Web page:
What we will cover
If you’re on the hunt for a digital marketing agency or starting out with a new website design project, you can guarantee you will have plenty of suitors lining up at your door. How do you choose between them?
All agencies will employ graphic designers and many of them are strongly design-led. This means they can all dress themselves up nicely. Unfortunately, that says nothing about their performance or the processes they follow. How do you know which agencies are only as deep as their online profile picture and which can offer a long-lasting, satisfying experience?
Building a project brief is an important place to start but what things should you specifically be asking about? Here are a few ideas.
Size isn’t everything – but it does matter
There is nothing to stop a back-end developer and graphic designer getting together and tagging the word ‘agency’ on to their brand.
However, there is a value in having a full team of professionals, all specialising in different areas whether that be design, function, copywriting, SEO or marketing. When such talent comes together in one room (yes, an actual premises helps), magic can and does happen.
For example, this article was going in a bit of a different direction until I got caught up in the office buzz around our upcoming Vu ‘LOVE your Brand, LOVE your business’ event.
A large agency will also have processes and systems in place to ensure projects are managed professionally and delivered on time.
Do they listen to your story?
Everybody has experienced (or been) that first date bore. You walk into the restaurant expecting to enjoy an enthralling evening of shared conversation. Instead, you are bombarded with a monologue detailing every major episode in your date’s life, every quality they have been blessed with, every award they have won and how they are rarely recognised for their greatness. If you dare to offer a morsel about your life or interests they will quickly brush over it before coming back to their main topic of interest – themselves.
Bad agencies do the same thing. They love to tell you about their high profile clients, their amazing designers and their portfolio of stunning websites but when you start talking to them about your story, they glaze over or nod with fake enthusiasm.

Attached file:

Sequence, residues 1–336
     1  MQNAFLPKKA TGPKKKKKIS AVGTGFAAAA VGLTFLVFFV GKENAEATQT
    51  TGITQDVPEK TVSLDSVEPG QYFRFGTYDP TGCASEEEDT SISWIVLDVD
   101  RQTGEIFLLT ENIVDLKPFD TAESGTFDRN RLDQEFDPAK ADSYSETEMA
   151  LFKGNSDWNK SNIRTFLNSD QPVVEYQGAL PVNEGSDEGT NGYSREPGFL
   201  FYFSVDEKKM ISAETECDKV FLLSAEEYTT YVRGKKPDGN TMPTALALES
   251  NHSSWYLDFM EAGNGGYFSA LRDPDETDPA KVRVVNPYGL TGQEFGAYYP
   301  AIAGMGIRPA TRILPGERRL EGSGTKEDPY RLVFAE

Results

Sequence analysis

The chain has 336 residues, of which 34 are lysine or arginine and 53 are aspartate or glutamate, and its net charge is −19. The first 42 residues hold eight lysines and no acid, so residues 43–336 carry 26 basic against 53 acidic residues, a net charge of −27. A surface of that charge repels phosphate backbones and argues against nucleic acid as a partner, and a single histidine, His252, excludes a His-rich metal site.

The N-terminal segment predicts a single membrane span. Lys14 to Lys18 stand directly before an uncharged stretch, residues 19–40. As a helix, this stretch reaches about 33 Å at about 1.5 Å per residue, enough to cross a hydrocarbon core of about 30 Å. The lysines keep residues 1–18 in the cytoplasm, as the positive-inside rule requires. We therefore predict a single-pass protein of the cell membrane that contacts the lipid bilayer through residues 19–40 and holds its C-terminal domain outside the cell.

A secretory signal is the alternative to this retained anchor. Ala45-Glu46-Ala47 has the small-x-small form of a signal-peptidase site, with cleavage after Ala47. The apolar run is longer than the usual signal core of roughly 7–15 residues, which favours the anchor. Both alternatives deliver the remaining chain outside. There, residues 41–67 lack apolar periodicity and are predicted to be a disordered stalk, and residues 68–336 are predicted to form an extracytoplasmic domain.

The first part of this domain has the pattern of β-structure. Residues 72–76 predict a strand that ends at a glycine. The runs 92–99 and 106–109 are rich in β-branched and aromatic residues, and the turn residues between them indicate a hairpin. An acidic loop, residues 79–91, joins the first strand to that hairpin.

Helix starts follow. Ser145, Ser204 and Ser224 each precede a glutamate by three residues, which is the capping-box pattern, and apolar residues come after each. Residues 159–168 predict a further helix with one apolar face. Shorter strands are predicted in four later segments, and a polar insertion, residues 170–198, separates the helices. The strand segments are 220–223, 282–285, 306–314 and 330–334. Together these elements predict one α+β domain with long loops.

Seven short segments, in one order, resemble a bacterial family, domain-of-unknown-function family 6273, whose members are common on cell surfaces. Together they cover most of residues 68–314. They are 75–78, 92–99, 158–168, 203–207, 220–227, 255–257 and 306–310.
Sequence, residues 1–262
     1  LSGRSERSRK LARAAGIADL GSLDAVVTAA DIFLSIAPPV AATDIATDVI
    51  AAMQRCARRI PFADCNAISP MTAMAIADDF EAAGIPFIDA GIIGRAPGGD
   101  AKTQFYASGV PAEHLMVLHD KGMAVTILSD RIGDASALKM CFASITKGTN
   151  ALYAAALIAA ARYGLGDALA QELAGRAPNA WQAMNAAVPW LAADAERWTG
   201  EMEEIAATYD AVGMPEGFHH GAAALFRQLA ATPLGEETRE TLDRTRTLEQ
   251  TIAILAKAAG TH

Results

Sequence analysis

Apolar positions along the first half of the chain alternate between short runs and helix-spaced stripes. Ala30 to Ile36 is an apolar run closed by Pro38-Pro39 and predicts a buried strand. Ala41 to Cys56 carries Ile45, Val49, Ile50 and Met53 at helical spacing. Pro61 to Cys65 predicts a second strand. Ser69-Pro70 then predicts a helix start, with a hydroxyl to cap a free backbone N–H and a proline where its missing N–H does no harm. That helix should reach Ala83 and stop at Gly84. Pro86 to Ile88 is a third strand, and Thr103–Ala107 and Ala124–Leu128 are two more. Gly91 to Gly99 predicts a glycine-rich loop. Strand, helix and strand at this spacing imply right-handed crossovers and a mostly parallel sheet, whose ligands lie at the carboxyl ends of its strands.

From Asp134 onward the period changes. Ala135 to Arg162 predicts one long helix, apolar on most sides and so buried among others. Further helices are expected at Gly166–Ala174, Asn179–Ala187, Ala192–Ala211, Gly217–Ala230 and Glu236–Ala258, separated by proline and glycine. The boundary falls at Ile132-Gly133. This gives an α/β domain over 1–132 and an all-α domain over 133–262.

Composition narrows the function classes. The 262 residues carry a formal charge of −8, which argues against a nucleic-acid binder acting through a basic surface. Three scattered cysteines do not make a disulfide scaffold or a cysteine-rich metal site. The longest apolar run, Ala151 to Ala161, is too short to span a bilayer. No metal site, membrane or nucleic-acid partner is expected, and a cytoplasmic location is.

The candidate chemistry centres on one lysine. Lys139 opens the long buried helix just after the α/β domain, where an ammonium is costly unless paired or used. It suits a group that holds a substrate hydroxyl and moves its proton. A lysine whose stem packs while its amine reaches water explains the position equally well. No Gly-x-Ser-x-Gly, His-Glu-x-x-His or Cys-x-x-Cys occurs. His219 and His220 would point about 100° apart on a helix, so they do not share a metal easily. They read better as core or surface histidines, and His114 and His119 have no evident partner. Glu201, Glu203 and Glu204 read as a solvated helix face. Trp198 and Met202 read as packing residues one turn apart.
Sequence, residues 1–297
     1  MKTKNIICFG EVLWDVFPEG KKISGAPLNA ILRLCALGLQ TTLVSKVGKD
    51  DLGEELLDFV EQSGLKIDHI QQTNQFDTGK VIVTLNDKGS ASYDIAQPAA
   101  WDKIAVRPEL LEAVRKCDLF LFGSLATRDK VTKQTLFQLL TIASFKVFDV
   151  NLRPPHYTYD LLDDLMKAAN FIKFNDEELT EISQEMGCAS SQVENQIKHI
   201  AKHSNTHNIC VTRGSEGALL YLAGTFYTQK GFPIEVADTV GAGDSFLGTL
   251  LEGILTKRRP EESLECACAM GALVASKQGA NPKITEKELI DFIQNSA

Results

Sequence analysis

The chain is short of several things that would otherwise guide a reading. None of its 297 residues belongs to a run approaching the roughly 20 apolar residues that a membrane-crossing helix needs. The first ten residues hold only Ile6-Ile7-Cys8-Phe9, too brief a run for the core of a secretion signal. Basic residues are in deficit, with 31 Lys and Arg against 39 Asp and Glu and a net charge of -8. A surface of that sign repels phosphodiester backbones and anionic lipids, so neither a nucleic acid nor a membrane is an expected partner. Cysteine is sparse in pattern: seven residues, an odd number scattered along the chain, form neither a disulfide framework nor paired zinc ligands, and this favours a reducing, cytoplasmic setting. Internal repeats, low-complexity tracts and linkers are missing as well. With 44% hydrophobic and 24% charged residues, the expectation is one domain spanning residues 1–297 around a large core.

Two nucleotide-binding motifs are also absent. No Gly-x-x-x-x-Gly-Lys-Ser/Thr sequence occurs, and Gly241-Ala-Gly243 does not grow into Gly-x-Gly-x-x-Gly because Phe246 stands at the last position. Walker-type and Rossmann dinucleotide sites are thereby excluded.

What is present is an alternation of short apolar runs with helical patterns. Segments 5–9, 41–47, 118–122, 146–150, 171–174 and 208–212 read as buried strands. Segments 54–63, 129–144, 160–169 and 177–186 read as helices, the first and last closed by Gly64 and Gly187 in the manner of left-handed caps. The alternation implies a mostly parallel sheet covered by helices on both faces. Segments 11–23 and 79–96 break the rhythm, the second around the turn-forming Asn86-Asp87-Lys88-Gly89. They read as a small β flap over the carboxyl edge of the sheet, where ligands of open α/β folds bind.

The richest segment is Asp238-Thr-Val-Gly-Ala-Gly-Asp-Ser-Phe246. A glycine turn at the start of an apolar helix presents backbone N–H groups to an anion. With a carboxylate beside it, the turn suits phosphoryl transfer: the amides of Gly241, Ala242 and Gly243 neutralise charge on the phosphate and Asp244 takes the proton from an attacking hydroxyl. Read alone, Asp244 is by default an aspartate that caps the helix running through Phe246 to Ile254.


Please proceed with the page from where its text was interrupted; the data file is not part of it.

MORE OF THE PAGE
A good agency will focus mainly on your business, your brand and your goals. Expect to be answering lots of probing questions about your story and how a website will open a new chapter for you.
This leads on to the next section because what the best agencies are really looking to find out is whether you will be a good fit for each other.
Are they only after the one thing?
A bad agency goes into your first meeting with the object of closing the deal. The sooner they can get you to sign a contract and part with a deposit, the happier they will be. They are rarely selective about who they partner with.
On the other hand, good agencies will carefully match their service offering with your vision for your business and see whether the two marry up. For example, there is a big difference between a five page brochure site and a complex e-commerce platform. A good agency needs to ensure they have the skills and capacity to take on your project.
Such an agency will not be afraid to tell you that the relationship won’t work (although they will let you down gently and may point you in the direction of a trusted partner).
If you do decide to work together, your relationship will be properly nurtured. Ongoing communication will be a priority and they will assign you an account manager who can answer all of your questions.
Are there any bad date stories?
So you’re getting excited now. Your agency partner is not just a piece of eye candy; they can talk the talk too. But can they walk the walk?
As a final check, it is worth looking closely at other projects they have been involved with. Again, look beyond the design to see whether the sites are user friendly and load quickly. What features are present? Do they work?
Customer reviews are also a good source of social proof – a jilted ex can give you a good idea of an agency’s potential weaknesses. You may even be able to meet with some current or past clients of your shortlisted agencies to find out if there are any red flags to watch out for.
Ready to commit?
If there’s one overriding lesson to take away from this article it’s to treat each meeting with an agency as a first date rather than a wedding. Enjoy the experience but make sure you ask plenty of questions and pay attention to how things feel before getting in too deep.
If you’re getting the wrong answers or the chemistry just isn’t there, you know what to do…
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